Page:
Again, in the case of Obidike v. State, the court on deciding on the propriety of granting pardon to a convict of capital offence while appeal against conviction is pending held that it is not proper that a convicted prisoner should be granted presidential pardon while his case is pending on appeal. Presidential pardon could come after appeal has been heard and determined; on the exercise of Prerogative of Mercy on a recommendation by the Attorney-General of the federation. Suffice to say that where the Prerogative of Mercy is exercised while the convict’s case is pending at whatsoever stage, such mercy cannot hold water as may be challenged.

As per how many years a convict sentenced to death must have spent before applying for prerogative of mercy on his behalf or that his sentence may be commuted to life imprisonment?

Looking at the above explanation so far, exercising prerogative of mercy does not have a time bound as same may even be recommended by the court that sentenced him and pursue immediately by his legal representative. However, each case depends on its peculiarity or circumstance attached as each case is decided on its own merit.

Additionally, where a convict has spent a longer year in the correctional centre and justify to be remorseful enough for such consideration, no law prevent the board from making the recommendation once aware of same except as the President or Governor may determine as it is based on their discretionary power.
Note however that Section 12 (2) (c) of the Nigerian Correctional Service Act, 2019 is also apposit envisaging 10 years upward on capital sentence case.


It is important to know that where appeal on such sentence is pending, same application or recommendation cannot be made during that period albeit the years the appeal may be taken to be heard, otherwise it may not be treated by the board. However, where the convict or representative for the prerogative of mercy are more inclined to that approach than the appeal already pending at the Court of Appeal or the Supreme Court, the best option is to make an application to the Presiding Justice or Chief Justice of Nigeria at the Court of Appeal or Supreme Court respectively for the accelerated hearing of the appeal. On this, the Court may assign a shorter date for the expeditious hearing of the appeal which may either be in his favour or otherwise. Where the latter is the case, then he may now approach the board for the prerogative of mercy.

In synopsis, even though the issue of prerogative of mercy is recognized Constitutionally and under our law, same may be considered and granted to a convict, it is still subject to the discretion of the President or the Governor. However, such power too, just as our law court, must be exercised judiciously. Same cannot also be invoked where there is a pending appeal in the case of the convict as the law consider that justice in a case is not only to a Defendant, Appellant or a Convict alone, but to the State and even the Victim. See Josiah V. State.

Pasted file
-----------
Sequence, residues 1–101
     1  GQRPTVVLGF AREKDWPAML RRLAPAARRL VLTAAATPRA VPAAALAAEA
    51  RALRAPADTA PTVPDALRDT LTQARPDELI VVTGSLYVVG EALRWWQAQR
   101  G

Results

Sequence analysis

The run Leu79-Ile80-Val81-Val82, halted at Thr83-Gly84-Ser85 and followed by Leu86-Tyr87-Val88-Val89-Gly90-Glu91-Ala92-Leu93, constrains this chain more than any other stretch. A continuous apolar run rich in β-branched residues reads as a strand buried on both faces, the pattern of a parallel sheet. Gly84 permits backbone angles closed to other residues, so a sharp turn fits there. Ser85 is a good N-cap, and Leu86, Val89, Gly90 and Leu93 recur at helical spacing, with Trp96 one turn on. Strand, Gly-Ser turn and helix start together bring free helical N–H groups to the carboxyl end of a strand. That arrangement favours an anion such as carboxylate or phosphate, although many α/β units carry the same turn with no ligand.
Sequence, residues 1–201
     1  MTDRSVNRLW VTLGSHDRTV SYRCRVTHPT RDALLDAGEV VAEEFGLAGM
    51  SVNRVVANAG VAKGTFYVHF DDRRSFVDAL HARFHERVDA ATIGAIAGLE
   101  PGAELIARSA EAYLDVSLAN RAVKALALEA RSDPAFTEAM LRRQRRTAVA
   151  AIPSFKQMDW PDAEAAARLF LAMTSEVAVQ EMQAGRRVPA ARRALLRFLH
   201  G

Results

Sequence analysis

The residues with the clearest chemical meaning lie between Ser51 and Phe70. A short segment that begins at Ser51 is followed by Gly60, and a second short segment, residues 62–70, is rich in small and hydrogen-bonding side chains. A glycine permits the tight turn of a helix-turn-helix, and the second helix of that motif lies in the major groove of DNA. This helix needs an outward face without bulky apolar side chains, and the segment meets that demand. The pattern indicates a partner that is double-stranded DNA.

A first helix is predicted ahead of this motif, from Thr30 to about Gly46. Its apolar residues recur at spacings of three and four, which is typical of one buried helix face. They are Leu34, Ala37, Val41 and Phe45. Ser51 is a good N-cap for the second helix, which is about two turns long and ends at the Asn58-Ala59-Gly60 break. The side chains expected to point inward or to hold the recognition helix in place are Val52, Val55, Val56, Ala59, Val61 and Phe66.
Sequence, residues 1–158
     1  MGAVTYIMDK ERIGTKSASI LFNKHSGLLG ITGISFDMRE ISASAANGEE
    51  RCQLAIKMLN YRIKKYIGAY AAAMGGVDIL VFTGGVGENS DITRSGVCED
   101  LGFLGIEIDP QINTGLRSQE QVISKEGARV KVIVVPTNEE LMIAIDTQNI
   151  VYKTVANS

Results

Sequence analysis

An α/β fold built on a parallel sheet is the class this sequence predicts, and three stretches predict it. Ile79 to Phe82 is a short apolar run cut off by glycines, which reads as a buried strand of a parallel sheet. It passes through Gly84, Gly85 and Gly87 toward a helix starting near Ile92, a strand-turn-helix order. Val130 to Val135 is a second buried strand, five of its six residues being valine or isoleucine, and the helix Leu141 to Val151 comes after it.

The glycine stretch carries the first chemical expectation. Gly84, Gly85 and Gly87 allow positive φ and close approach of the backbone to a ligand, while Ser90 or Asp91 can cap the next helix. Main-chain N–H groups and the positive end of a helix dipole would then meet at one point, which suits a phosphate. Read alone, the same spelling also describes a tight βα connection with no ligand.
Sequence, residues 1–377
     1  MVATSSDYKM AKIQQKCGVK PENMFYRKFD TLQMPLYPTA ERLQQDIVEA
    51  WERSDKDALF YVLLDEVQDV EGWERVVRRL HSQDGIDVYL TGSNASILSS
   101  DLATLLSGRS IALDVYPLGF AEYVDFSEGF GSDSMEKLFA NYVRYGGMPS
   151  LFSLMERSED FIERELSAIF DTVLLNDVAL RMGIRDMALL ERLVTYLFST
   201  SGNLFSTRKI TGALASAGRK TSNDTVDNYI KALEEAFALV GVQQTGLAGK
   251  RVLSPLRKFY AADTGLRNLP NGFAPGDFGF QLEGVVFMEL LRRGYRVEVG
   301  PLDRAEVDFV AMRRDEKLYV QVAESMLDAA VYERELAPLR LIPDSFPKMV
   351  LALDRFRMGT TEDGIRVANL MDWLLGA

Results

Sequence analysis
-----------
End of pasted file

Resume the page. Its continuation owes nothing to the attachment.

I thereby conclude with the case of Ezenwafor v. Commissioner of Police where Per Omoleye J.C.A, at Page 40, Paragraph A-C thus:

“The phrase “in the interest of justice” is not a magic wand that can be hinged upon by any single party. It is not a shield for or tool to be wielded by anyone party. Indeed, all parties in an action are entitled to that: “interest of justice”. It must be applied and made available to all and sundry in accordance to applicable laws in a matter.”

Ahmod Babatunde Ariyibi is an Associate at Graystone Solicitors, based in Lagos.

To reach him, email: ariyibiahmod00036@yahoo.com or contact/whatsapp: 08099186668.


1) Section 175, 212 of the Constitution of the Federal Republic of Nigeria, 1999 (as amended).

2) Amanchukwu V. Federal Republic of Nigeria (2007) 6 NWLR (Part 1029) 1 CA.

3) Okeke v. State (2012) LPELR-CA/E/78/2011

4) FRN v. Alkali & Anor
(2018) LPELR-CA/S/179C/2017.

5) Solola v. State (2005) 11 NWLR (Part 937) 460

6) Obidike v. State (2001) 17 NWLR (743) 601

7) Josiah V. State (1985) 1 NWLR (Part 1) Of. 125, Paras, G-H.

8) Ezenwafor v. Commissioner of Police
(2009) LPELR-CA/A/34C/08

9) Garner B. A, Black’s Law Dictionary, 7th Edition.

10) 3 in 1 Update: 2017/2018 Class Note on Criminal Litigation, Nigerian Law School, Lagos Campus- prepared by Ariyibi, Ahmod Babatunde.

11) The Prerogative of Mercy under the Nigerian Criminal Justice System and the Quasi-Judicial Power of the Executive by Kereseakara Usendu, Esq.See https://legalresearchersnigeria.wordpress.com/2016/08/13/the-prerogative-of-mercy-under-the-nigerian-criminal-justice-system-and-the-quasi-judicial-power-of-the-executive-by-kereseakara-usendu-esq/amp/

12) Press release by the Attorney-General of the Federation and Minister of Justice, Abubakar Malami (SAN) that the Nigerian govt may commute death sentence to life imprisonment for some inmates. See https://www.ripplesnigeria.com/nigerian-govt-may-commute-death-sentence-to-life-imprisonment-for-some-inmates/

By admin

Hezekiah Deboboye Olujobi is the Executive Director for Centre for Justice Mercy and Reconciliation, CJMR a non-governmental organization based in Ibadan with focus on Access to Justice project. He is the initiator for the Halfway Home and human rights defender in Nigeria.